My horrible vision had ended.
I glared at Karzahni, and was about ready to attack him when he spoke.
“Don’t you understand?” he asked. “Your own incompetence saved your friend’s life. In my vision, I simply fixed one of the flaws in the design of your engine that made it less powerful, just like I have done with you.”
It was clear that Karzahni was baiting me to see how I would react; after all, most of the other Matoran he had encountered were probably too afraid to run from him. Nevertheless, it was too much for me to bear. I picked up a gear lying on the ground and I threw it at him.
Karzahni walked up to me and picked me up so that my Kanohi was frighteningly close to his. “Bring it on, Matoran,” he spat.
Karzahni dropped me to the ground. I knew what to expect, and braced myself. But nothing could have helped me to prepare for what was to come. As the world melted and shifted around me, I found myself on the other side of the room in excruciating pain. I knew deep down that it was just an illusion, but I couldn’t think any coherent thoughts. I just lay there, hopeless. I feel if the attack had lasted much longer it, combined with the pain of actually being rebuilt, would have shredded my mind. Eventually, however, Karzahni ceased in his assault. When the vision ended, he was staring at me from the corner of the room. I slowly moved toward the exit. He could have stopped me again, but he did not. For reasons that I still don’t quite understand, he let me go.
I ran and I ran, out into that cruel canyon and through the dusty haze as quickly as my new body would let me. When I finally stopped, I stood for several moments, gasping for air. I looked around at the dismal land around me, and my new, weaker legs gave out from under me. I was in the midst of a torrential downpour, and large puddles had formed everywhere. I looked down at one; staring up from it was a completely different Matoran wearing a completely different Kanohi. I felt my mask. I wasn’t hallucinating.
As I sat there, watching the rain fall and the lightning strike in the distance, I planned my revenge on Karzahni. I sat there for what could have been hours, listening and watching and plotting, thinking with dread about the events that had transpired. A seemingly normal gust of wind blew past me. But as it did so, I thought that I heard it whisper to me.
Remember to live, Reysa.
And as I thought about those words, I suddenly understood why that realm was so horrific. It was not its dangers. It was not the awful rebuilding process. It was the fact that, through all of those tortures, even the purest of beings could be made into a monster.
It was the fact that I was the monster, not Karzahni.
If I were the same being that I was when I arrived, I would have tried to comfort myself by construing Karzahni’s taunt about my flaws to mean it was good I made the engine less powerful than it could have been—otherwise Gar would not have survived. Then, I would have no doubt tried to convince myself that I deliberately made that engine that way.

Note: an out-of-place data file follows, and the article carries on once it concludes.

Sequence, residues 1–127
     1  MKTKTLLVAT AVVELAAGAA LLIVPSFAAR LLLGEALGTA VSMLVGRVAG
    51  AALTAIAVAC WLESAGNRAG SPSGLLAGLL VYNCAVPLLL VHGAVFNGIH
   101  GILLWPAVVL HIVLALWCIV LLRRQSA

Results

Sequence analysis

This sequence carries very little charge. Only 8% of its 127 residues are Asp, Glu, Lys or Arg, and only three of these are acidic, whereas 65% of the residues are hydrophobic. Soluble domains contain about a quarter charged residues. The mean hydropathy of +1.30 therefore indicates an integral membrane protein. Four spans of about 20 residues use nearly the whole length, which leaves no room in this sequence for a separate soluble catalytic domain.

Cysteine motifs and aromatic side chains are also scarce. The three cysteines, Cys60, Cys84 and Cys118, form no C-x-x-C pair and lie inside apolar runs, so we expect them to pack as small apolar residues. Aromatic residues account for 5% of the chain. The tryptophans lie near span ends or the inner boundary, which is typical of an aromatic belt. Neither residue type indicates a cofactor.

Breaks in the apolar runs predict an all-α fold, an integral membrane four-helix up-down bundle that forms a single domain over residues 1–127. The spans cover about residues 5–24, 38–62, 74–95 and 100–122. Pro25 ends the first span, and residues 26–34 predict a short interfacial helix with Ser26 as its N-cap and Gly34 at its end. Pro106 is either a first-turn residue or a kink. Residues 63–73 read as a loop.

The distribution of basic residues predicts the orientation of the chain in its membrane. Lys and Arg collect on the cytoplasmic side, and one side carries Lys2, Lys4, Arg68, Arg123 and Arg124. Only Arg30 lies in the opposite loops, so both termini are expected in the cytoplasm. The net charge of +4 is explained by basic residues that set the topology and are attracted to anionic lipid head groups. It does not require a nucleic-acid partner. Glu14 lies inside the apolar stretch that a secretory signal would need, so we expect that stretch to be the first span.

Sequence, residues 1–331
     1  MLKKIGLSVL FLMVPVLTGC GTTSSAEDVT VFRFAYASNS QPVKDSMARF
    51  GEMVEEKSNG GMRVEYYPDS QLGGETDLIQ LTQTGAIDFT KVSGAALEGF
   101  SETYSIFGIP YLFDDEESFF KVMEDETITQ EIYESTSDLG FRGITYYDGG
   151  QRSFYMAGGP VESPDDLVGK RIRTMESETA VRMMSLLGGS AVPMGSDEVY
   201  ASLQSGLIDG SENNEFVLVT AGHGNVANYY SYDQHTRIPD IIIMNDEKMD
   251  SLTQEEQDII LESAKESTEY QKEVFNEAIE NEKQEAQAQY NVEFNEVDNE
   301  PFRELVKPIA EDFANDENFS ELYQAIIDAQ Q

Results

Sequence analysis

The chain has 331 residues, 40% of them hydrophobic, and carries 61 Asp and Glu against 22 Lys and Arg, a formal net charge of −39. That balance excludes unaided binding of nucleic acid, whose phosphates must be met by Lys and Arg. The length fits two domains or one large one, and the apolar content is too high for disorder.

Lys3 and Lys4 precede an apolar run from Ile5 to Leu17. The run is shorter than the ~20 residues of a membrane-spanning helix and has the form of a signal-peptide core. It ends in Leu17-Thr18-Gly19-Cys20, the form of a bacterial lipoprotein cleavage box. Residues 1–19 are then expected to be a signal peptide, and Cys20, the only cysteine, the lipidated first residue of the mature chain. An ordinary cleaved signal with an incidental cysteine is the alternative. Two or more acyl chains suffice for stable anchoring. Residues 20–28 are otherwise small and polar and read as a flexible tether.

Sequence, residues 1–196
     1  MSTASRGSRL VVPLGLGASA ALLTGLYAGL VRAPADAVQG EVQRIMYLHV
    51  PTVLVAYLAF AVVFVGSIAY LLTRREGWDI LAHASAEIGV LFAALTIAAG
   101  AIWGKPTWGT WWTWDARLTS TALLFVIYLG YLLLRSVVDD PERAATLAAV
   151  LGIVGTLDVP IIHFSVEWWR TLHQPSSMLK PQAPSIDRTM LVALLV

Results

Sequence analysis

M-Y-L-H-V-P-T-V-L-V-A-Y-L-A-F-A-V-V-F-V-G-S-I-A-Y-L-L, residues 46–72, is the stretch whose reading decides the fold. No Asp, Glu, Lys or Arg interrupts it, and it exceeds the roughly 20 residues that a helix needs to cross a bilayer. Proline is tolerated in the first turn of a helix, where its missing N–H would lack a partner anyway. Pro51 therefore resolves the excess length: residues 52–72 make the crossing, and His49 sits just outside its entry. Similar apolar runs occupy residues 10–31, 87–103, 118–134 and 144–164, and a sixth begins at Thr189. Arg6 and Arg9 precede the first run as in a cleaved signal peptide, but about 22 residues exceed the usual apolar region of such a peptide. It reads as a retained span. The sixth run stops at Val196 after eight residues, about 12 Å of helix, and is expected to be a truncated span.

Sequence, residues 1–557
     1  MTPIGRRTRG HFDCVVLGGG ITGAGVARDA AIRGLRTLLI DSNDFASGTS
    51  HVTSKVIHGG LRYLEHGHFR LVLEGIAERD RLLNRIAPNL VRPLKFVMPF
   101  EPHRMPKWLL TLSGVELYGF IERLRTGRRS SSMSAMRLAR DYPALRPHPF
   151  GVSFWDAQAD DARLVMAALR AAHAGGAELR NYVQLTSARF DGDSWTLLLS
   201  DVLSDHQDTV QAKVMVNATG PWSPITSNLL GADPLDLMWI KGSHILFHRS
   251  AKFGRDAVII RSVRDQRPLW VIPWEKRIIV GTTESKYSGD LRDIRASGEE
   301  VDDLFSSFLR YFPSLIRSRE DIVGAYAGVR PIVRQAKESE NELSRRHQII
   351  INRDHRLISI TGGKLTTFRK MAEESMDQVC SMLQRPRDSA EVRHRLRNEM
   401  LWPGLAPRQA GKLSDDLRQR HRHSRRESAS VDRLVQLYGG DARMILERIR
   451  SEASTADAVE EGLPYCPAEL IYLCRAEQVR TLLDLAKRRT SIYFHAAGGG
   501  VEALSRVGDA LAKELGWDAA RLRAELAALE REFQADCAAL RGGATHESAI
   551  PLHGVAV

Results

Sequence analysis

But I’m not the same being. I now realize that I have spent my life trying to hide my mediocrity from myself with a façade of confidence and impatience. Karzahni was right. But only to a certain extent—he fixed a flaw to make the engine more powerful, but he did not stop it from blowing up. He did something similar with me—he rebuilt me to make me less powerful, but he did not stop my temper from rising.
The wind was right. I must stop hiding my flaws from myself and must instead acknowledge them. Only then I will be able to accomplish my Duty, fulfill my Destiny, and begin to truly prosper.
Although I have lost track of time while carving this, I know that it is time for me to face my fate and to live with the consequences of my actions. It is time for me to return to Gar, who has hopefully honored my request and has not yet left that wreck of a boat. Then, with or without him, I must return to Karzahni, to the frightened villagers, and to that paranoid Le-Matoran. Maybe we will find a way to leave this place. Maybe we won't. Only time will tell.
But your fate is still undecided. I am about to begin my journey back to meet Gar, and when I reach our landing site I will place this rock there for you to find. I hope that my misfortunes will help you to decide your path—whether you will leave and save yourself while you still can or if you will join me in that monster’s wasteland. But, no matter how to choose to proceed, I leave you with one simple request:
Remember to live.
Word count: 2,619
Edit: Fixed spacing of title and breaks (approved here)
Edit 2: Made ending less ambiguous and italicized a line (approved here); my original revision to the ending (the one that was approved) was missing a space between two sentences, which I have fixed as well, as it directly relates to the already-approved revisions
Edited by Infrared, Jan 04 2013 - 07:43 PM.